Wisconsin is called the “Badger State,” a nickname that refers to the early 19th century lead miners who dug into the southwestern hills of the Wisconsin territory in search of their fortunes. Later on when Wisconsin became a state, entrepreneurs arrived to harvest the vast forests in its central and northern regions. Manufacturers used the state’s abundant water power to convert the lumber into building materials and paper. These days, Wisconsin is best known as “America’s Dairyland.” The many dairy farms throughout the state provide the finest milk and cheese products in the nation. Tourism is another major industry. The warm, pleasant summers and cold snowy winters offer many recreational opportunities for the outdoor’s enthusiast. Wisconsin also is well-known for its fine educational system, thriving economy and excellent healthcare facilities.
Nursing Education in Wisconsin
There are 44 accredited nursing schools in Wisconsin that offer training at five different levels: nursing certification, associate degree, bachelor’s degree, master’s degree and PhD degree in nursing. There are plenty of financial aid opportunities for those interested in nursing schools in Wisconsin. The Wisconsin Educational Aids Board oversees the state programs for financial aid and offers grants and scholarships to many nursing students. The Nurses Foundation of Wisconsin also offers scholarships to registered nurses who plan to continue their education and obtain a baccalaureate or advanced degree at a Wisconsin Nursing School. Most nursing students graduate in 2-4 years depending on the type of degree they are pursuing. The most popular Wisconsin Nursing School in the state is located at The University of Wisconsin—Madison.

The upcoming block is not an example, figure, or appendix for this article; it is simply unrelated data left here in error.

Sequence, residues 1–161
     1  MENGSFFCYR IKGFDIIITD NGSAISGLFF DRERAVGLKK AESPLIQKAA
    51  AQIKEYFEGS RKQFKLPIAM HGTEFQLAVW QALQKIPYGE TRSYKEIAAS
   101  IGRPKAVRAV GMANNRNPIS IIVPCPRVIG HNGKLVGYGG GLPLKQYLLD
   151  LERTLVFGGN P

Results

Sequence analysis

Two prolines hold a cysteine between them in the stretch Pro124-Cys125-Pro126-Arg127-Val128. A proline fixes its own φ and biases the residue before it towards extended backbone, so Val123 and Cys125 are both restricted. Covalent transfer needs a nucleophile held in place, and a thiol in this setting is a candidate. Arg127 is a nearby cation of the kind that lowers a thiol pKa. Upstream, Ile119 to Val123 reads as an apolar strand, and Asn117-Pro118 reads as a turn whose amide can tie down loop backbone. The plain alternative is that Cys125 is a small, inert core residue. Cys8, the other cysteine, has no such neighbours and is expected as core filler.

Career Outlook for Nursing in Wisconsin
According to the Wisconsin Workforce Development Agency, nursing is among the 25 fastest growing occupations in Wisconsin and there will be a high demand for registered nurses in the state at least until 2018. The total number of nurses employed will increase by 19.4 percent. In a recent survey the agency reported that forty percent of licensed practical nurses over the age of fifty and employed in Wisconsin plan on retiring in the next five years and sixty percent will retire in ten years. Some of the largest and best hospitals in the state such as the University of Wisconsin Hospital in Madison, Aurora St. Luke’s Medical Center in Milwaukee, and St. Elizabeth’s Hospital in Appleton will be looking to hire graduates of Wisconsin Nursing Schools.
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